Evaporating Dreams in the Desert

Transportation Enthusiast points to Masdar as the shining new city in the desert, a green, sustainable oasis in a land where temperatures reach 120 degrees Fahrenheit in the shade … and there’s no shade.

Here’s an article: The dark side of Dubai that tells the real story of the UAE “miracle” in the desert.

If you throw enough fertilizer on it, you can grow posies in a pickup truck.


7 thoughts on “Evaporating Dreams in the Desert

  1. Allow me to correct you, Hayduke.Masdar is in Abu Dhabi, NOT Dubai, and Masdar itself is a completely independent effort that has little to do with Abu Dhabi OR Dubai.Bashing Masdar because it happens to be located 100 miles from Dubai is kind of like blaming Santa Cruz for Los Angeles’s traffic!You should learn more about Masdar before hurling unwarranted criticism at it.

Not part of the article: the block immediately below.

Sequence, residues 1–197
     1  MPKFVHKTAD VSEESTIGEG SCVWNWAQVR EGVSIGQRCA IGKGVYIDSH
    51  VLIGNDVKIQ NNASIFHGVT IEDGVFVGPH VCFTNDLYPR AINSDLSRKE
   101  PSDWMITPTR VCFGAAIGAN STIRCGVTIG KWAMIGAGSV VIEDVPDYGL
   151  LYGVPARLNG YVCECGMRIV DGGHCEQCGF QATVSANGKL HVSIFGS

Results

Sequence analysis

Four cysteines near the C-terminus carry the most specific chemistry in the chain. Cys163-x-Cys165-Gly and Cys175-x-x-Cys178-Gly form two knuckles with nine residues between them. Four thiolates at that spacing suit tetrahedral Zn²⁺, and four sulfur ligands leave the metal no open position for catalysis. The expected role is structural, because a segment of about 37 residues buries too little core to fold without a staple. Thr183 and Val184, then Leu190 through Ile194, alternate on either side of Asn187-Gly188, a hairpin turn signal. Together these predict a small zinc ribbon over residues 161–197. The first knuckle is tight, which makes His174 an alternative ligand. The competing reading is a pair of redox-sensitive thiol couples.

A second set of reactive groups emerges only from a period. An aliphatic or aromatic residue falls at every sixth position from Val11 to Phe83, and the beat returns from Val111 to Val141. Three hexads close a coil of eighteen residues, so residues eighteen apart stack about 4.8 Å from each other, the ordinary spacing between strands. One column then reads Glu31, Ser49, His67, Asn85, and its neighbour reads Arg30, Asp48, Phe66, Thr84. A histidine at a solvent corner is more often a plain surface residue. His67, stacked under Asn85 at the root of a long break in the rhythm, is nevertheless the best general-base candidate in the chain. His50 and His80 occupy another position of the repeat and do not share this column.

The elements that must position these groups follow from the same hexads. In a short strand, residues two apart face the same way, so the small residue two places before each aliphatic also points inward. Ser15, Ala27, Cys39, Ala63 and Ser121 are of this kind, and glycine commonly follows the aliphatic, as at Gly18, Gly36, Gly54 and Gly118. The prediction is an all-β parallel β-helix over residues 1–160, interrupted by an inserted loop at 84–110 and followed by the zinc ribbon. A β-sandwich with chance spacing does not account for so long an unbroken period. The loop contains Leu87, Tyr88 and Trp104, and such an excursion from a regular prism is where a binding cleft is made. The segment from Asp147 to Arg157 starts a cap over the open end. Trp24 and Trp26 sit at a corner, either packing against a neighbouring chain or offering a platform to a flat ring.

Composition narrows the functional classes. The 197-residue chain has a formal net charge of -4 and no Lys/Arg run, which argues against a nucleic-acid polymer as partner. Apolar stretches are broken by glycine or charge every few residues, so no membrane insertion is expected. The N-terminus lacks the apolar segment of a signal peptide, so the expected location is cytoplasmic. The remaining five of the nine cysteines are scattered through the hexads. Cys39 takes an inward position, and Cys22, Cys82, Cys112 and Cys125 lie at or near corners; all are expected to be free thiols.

2. Pay attention students, for a lesson in geography and economics.Take a look at this map;pffffffffffffffffffffffffffffffffffffffstThis is the United Arab Emirates (UAE). Here is Dubai on the coast of the Persian Gulf. 100 miles south on the coast is Abu Dhabi. This patch of desert sand to the east of Abu Dhabi is the proposed site of Masdar, the ultra-green, super-sustainable city in the desert.The same desert as Dubai, in the same UAE, supported by the same limited oil resources that are rapidly declining. The same Dubai that uses slave labor to build a shining city in the desert. The same Dubai where construction has ground to a halt, in the same desert.Masdar is another engineering/investment scheme, just like PRT. If one is to build a “sustainable” city, how insane is it to propose to built it in the desert?Anyone who thinks this is a good idea has never lived in the desert, or has not read the article referenced in the above blog.Furthermore, this shiny city in the sand will be run by petty tyrants and authoritarian oligarchies, just like Dubai.I’m struggling to find a difference here. Tell me again: How is Masdar not like Dubai?Oh right, Dubai is real, Masdar is a figment of some engineers imagination and a gleam in some economist’s eye.